It’s been more than five years since St. Joseph and other cities pulled the plug on red-light cameras.
Outside of police and city revenue collectors, few seemed to object to the decision to shelve the technology. For red-light cameras, the nub of the problem was one of both technology and legalities.
The camera would decipher which car ran the red light, but not necessarily who was behind the wheel. So who gets points assessed on the license?
We detect little support for another crack at red-light cameras, but the last five years brought tremendous advancement to facial recognition technology that could close the information gap between who licensed the vehicle and who’s actually driving it. But this technology, used in China to create a surveillance state that makes East Germany look amateurish, conjures of fears of Big Brother.
It’s a moot point for now, because cities like St. Joseph lack the financial means for significant deployment of facial recognition, for traffic enforcement or finding criminal suspects and missing persons. Long term, however, law enforcement can take solace in interesting findings from Pew Research.
Public opinion polling shows that more Americans trust law enforcement with facial recognition than technology companies or private businesses. At a time when some cities are banning facial recognition and Edward Snowden suggests a future with automated police officers, a Pew report finds that 56 percent of Americans trust police with this technology. When it’s used for advertising or marketing purposes, that public support for this technology falls to 15 percent.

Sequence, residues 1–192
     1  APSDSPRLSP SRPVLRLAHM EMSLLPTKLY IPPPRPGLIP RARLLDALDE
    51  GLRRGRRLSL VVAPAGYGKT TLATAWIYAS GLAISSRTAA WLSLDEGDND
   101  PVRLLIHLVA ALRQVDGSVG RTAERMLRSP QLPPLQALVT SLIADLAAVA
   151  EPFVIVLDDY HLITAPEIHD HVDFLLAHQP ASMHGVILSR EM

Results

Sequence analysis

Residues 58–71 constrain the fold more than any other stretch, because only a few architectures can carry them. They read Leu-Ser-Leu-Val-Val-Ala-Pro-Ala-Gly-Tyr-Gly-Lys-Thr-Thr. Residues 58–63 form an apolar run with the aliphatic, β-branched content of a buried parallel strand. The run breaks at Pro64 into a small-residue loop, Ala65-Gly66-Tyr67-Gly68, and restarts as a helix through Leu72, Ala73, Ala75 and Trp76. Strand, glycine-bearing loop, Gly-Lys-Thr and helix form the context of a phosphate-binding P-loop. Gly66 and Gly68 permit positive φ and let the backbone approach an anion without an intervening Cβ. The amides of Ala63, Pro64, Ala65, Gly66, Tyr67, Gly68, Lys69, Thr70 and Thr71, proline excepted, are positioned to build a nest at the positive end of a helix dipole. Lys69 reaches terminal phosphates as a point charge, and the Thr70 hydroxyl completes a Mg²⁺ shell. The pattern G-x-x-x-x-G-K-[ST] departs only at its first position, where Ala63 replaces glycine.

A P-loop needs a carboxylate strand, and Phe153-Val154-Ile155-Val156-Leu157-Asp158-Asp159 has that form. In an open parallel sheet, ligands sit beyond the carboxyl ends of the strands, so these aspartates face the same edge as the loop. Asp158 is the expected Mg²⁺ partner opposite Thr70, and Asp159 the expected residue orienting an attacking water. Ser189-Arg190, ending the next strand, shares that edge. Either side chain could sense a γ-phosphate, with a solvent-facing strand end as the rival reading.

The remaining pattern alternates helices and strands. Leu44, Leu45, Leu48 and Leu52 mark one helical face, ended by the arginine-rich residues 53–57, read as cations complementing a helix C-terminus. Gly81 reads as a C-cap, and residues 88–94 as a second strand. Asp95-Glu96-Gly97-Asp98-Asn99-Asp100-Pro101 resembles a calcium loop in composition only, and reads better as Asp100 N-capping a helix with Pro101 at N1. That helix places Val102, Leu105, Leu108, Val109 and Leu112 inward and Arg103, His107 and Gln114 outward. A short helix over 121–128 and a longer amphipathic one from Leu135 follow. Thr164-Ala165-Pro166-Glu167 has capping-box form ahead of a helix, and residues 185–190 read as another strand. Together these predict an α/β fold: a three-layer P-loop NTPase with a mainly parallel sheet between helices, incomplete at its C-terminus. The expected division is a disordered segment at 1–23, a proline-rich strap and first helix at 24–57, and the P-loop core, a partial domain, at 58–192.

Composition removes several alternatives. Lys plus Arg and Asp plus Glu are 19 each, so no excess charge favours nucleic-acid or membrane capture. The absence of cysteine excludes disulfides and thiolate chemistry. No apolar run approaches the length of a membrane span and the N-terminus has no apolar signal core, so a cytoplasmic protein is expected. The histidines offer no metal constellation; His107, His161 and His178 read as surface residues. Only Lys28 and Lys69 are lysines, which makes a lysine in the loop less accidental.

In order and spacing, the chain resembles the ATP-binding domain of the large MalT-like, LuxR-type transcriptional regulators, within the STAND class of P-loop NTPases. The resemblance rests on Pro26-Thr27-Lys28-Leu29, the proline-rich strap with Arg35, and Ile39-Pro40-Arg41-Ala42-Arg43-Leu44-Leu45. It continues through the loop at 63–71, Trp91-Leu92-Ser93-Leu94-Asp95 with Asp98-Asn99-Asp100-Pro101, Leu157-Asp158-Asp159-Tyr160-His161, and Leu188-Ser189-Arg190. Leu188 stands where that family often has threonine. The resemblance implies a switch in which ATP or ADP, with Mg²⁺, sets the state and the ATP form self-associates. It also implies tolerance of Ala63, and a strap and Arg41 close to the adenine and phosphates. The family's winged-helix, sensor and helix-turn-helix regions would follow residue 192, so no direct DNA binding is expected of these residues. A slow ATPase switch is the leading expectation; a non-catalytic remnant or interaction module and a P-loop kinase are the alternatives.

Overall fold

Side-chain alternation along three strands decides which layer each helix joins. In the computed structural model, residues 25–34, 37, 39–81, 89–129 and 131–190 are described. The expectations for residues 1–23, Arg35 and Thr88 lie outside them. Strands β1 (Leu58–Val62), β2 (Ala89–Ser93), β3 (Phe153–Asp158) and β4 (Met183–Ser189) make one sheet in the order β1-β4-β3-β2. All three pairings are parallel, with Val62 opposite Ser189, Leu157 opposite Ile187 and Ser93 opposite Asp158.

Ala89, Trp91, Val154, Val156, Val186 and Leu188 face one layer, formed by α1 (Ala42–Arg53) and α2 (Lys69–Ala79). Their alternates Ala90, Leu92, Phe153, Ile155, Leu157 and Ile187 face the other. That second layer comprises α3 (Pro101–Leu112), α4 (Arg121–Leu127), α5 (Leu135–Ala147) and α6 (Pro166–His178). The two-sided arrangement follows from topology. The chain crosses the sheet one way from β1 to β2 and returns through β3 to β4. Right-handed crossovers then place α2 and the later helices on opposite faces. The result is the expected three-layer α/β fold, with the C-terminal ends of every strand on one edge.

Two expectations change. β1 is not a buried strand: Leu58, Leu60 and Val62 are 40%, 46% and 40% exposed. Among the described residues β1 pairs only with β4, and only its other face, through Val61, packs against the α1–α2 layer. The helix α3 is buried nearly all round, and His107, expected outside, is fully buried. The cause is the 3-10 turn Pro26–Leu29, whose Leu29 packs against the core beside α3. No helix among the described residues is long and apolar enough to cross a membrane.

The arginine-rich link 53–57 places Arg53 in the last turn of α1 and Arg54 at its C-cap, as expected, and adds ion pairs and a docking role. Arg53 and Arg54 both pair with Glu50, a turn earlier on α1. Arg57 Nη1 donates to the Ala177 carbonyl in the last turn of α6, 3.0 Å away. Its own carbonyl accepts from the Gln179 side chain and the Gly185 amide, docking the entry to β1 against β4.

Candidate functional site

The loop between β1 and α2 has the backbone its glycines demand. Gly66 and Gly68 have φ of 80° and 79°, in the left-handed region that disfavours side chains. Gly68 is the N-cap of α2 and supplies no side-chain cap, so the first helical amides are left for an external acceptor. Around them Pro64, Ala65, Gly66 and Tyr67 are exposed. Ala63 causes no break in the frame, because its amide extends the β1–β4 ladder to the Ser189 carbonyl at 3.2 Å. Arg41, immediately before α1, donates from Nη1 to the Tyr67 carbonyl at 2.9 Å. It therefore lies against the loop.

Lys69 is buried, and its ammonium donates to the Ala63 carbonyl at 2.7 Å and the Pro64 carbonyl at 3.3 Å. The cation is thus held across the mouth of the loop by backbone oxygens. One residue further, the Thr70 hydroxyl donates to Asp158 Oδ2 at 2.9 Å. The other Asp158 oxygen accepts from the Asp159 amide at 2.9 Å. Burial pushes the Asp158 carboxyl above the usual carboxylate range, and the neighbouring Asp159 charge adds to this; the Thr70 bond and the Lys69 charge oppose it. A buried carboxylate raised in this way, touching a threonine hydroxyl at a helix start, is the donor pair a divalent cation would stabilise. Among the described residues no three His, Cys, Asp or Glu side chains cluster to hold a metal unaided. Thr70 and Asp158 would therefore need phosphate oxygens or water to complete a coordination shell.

This does not mean it’s time to put a camera on every lamppost. It does mean city, state and federal lawmakers should take the initiative to consider laws and regulations that create proper controls and oversight, rather than just trying to stuff the genie in the bottle. That means having a discussion on how the technology is used and how data is shared and saved. It also means police and city government should do everything possible to build trust with the public, especially in the way that revenue is collected for traffic violations.
Some jurisdictions send traffic ticket revenue directly to local schools, rather than a city or police department. This would ease concerns that a red-light camera, or any type of traffic enforcement, is a revenue-generating initiative. Advanced technology will only gain acceptance if it’s seen as a means to increased public safety, rather than additional city revenue.
Your phone probably packs more punch today than the 2014 version. It would be foolish to think that the demise of red-light cameras means that we’re forever stuck in the past, like a radio station that plays hits from another era.